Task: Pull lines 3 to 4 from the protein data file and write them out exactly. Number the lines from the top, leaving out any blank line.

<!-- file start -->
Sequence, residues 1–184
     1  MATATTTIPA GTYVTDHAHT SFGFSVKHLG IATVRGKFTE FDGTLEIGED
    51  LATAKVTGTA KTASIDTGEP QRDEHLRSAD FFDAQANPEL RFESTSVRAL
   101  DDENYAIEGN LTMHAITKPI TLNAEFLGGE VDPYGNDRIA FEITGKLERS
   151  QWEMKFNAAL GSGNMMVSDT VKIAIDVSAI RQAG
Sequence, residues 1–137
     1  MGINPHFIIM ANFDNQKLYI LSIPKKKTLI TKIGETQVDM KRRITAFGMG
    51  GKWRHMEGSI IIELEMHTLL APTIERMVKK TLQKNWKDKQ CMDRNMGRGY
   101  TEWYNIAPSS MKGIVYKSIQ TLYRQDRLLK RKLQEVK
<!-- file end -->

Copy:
    51  LATAKVTGTA KTASIDTGEP QRDEHLRSAD FFDAQANPEL RFESTSVRAL
   101  DDENYAIEGN LTMHAITKPI TLNAEFLGGE VDPYGNDRIA FEITGKLERS